Chinese food shopping in Dubai

Yuan head chef Jeff Tan takes us food shopping in International City

Crabs on sale
Crabs on sale
Noodles and tofu on the shelves at Wenzhou
Noodles and tofu on the shelves at Wenzhou
These noodles are from the Xinjiang province, in China’s northwest region. Instead of being ‘pulled’, they are sliced directly off a lump of dough, as you can 
see in the picture on the packaging
Dhs5
These noodles are from the Xinjiang province, in China’s northwest region. Instead of being ‘pulled’, they are sliced directly off a lump of dough, as you can see in the picture on the packaging
Dhs5
These dried vermicelli noodles are made out of black rice flour, which gives them this unusual colour, but does not, chef Tan tells us, make a huge difference to the flavour of the dish
Dhs4.50
These dried vermicelli noodles are made out of black rice flour, which gives them this unusual colour, but does not, chef Tan tells us, make a huge difference to the flavour of the dish
Dhs4.50
These are shimeji mushrooms; one of many varieties of fresh Chinese mushrooms available 
in Wenzhou supermarket
Dhs4
These are shimeji mushrooms; one of many varieties of fresh Chinese mushrooms available in Wenzhou supermarket
Dhs4
This is ‘nian gao’. They are chewy rice cakes, and traditionally eaten for Chinese New Year
Dhs6
This is ‘nian gao’. They are chewy rice cakes, and traditionally eaten for Chinese New Year
Dhs6
Dried goji berries can be eaten as they are or even made into tea. They are healthy and especially good for your eyes
Dhs18
Dried goji berries can be eaten as they are or even made into tea. They are healthy and especially good for your eyes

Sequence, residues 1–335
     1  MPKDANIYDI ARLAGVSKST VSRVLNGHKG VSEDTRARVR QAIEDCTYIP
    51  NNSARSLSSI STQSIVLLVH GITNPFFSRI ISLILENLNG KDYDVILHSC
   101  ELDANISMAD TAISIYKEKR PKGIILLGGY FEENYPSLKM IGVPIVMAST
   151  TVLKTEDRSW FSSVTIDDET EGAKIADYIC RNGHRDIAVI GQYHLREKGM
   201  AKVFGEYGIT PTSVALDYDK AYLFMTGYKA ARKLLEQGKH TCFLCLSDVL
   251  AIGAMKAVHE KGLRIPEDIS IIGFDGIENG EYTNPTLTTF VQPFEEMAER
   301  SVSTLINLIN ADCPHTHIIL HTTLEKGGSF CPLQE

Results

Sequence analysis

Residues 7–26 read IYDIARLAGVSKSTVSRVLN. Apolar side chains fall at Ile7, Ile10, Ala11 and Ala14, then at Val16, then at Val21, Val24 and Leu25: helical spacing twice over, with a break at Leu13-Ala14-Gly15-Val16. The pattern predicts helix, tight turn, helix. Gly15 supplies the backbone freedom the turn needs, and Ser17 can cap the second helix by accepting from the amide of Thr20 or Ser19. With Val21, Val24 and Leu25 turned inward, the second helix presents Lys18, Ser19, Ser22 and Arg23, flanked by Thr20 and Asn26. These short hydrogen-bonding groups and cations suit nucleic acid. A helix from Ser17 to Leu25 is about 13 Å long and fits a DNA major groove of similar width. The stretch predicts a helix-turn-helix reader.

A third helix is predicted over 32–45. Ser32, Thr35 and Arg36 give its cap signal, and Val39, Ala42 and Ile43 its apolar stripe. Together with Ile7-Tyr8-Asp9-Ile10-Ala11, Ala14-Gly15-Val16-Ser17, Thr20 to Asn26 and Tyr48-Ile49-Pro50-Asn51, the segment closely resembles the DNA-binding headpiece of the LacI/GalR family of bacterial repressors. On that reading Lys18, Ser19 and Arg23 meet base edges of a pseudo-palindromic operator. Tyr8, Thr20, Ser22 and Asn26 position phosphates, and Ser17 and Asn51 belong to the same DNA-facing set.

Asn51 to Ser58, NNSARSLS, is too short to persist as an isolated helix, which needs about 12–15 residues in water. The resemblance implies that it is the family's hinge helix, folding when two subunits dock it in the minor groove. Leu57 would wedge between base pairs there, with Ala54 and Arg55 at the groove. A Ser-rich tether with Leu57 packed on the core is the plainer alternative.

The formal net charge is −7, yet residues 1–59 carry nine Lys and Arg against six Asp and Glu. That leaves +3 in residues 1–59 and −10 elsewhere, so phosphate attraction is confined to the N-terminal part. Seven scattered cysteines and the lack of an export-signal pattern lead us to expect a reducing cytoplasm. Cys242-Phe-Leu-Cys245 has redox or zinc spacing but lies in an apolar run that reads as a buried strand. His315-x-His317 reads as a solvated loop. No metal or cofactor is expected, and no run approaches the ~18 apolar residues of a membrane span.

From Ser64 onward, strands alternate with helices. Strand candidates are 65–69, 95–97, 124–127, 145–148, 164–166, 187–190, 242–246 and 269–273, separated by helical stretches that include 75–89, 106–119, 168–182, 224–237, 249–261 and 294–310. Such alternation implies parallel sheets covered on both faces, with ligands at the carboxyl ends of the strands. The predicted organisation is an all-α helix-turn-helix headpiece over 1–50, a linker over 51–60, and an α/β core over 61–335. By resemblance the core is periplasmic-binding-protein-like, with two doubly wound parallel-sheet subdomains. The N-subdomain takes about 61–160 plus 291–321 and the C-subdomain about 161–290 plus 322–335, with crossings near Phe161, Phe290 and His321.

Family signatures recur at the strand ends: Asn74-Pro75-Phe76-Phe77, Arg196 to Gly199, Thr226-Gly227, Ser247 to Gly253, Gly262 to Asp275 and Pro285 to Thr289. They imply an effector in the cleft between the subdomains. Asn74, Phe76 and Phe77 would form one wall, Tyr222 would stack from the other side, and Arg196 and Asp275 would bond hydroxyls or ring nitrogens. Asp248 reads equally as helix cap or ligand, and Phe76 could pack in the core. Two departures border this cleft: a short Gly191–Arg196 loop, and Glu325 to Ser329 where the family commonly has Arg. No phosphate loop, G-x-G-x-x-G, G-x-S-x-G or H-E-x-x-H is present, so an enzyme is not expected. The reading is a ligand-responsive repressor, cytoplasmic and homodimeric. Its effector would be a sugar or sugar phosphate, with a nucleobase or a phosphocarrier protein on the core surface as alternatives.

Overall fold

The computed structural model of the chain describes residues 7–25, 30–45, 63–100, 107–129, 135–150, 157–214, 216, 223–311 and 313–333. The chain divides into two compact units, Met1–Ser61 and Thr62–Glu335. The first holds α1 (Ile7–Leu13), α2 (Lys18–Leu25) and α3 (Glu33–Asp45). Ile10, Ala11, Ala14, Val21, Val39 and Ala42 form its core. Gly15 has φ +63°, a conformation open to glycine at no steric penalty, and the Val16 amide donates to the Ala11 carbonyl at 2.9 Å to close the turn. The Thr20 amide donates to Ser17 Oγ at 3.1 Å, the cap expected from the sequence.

Dhs18
This vegetable is known as bitter gourd or bitter melon. The Chinese believe it has a cooling effect on the body and is consequently very healthy and good for a balanced diet
Dhs8.90 per kg
This vegetable is known as bitter gourd or bitter melon. The Chinese believe it has a cooling effect on the body and is consequently very healthy and good for a balanced diet
Dhs8.90 per kg
This is lotus root. If you slice this vegetable very thinly, you will have beautifully lacy circles to add to your dish. Chef Tan suggests deep frying the thin slices to make lotus root crisps for a 
delicious snack
Dhs13.90 per kg
This is lotus root. If you slice this vegetable very thinly, you will have beautifully lacy circles to add to your dish. Chef Tan suggests deep frying the thin slices to make lotus root crisps for a delicious snack
Dhs13.90 per kg
Enoki mushrooms are best when steamed. You can try them in a simple Cantonese-style steamed fish recipe or try the fatter, thicker enoki mushrooms available in this supermarket. These have a crispier texture and more intense flavour